Thanks to the research of a graduate student in the Department of Entomology at The Ohio State University and funding from Bayer Environmental Science, the city of Wooster, OH now knows the true value of the trees that line its streets.
By "value" we don't simply mean trees' contribution to the ecosystem or the fact that they beautify landscapes. Rather, we mean trees' true dollar value.
In mid-2010, the graduate student, Alejandro Chiriboga, recorded tree attributes such as trunk circumference and leaf condition among more than 3,000 of Wooster's city-owned trees. Using Forest Service software, he then totaled the dollar value of the environmental services trees provide, including reducing pollution and carbon in the atmosphere.
Chiriboga's research concluded that, annually, the trees generate $270,153 in community services, including aesthetic benefits, energy conservation, stormwater control and carbon and air pollution reduction. Chiriboga's study found that most of Wooster's street trees are young and healthy, which means they will contribute environmentally--and therefore economically--to the city well into the future.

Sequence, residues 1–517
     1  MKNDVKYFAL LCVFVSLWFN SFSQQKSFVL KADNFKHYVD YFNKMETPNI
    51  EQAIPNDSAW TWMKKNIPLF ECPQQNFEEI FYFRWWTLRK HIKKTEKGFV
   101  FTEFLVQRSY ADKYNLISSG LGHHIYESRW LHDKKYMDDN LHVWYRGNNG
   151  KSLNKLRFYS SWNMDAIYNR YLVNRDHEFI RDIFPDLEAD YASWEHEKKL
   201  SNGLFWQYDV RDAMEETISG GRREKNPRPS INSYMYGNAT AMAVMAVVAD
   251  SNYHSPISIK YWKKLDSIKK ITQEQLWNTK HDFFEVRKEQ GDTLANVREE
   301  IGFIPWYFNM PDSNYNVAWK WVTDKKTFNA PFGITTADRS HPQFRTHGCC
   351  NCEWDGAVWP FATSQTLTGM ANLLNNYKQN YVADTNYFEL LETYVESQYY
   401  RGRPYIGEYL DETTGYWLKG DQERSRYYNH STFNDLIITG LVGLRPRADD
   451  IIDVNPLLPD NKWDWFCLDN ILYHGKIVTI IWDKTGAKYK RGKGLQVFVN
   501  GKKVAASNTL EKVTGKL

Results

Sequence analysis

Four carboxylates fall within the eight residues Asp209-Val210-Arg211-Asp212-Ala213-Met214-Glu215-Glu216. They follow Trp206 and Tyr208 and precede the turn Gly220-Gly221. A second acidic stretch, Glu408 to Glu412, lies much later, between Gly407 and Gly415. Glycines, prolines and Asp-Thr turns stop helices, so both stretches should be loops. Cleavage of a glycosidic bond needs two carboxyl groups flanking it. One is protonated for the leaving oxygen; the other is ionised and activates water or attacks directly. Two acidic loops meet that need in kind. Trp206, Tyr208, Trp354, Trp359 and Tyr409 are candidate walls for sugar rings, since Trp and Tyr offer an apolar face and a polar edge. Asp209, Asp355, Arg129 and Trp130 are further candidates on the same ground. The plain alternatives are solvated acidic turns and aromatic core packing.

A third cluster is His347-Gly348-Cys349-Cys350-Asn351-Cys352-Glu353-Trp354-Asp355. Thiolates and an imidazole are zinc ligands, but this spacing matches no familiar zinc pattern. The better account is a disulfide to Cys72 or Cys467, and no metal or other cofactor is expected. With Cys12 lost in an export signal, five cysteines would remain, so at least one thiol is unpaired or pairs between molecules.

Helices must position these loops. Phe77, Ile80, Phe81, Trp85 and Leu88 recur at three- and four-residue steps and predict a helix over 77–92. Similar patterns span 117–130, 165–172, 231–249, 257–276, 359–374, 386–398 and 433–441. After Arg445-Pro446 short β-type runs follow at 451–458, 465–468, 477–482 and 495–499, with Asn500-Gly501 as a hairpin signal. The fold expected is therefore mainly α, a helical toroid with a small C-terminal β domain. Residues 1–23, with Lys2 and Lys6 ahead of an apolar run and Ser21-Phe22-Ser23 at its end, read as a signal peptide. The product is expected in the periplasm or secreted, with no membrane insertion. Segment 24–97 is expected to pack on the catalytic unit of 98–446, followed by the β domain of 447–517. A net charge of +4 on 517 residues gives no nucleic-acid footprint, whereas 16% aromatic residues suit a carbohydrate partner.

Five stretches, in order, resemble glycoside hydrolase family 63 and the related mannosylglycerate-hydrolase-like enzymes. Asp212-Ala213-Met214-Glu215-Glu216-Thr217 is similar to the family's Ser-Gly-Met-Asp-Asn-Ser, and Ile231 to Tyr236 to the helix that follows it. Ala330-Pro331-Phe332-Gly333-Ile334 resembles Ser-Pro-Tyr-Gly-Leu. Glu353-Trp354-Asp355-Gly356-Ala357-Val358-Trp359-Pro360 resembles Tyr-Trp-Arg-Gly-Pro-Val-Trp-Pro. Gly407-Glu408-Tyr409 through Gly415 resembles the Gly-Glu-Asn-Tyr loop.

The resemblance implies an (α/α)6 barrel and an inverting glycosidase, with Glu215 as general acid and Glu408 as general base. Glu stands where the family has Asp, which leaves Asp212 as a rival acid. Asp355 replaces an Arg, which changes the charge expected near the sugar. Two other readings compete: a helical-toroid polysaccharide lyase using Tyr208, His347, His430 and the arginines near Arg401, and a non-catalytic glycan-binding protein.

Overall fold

Things in nature have always seemed priceless. So this study raises an interesting question: Can you really put a dollar amount on them? Apparently, you can. The question now is, will this experiment stop at trees? Or will it extend to lawns, shrubs and plants on the landscape?
Will mowing a lawn be deemed a loss in dollars? Will planting a flower bed boost the value of a landscape? It's hard to say. But at the very least, the OSU study has given us something new and interesting to ponder.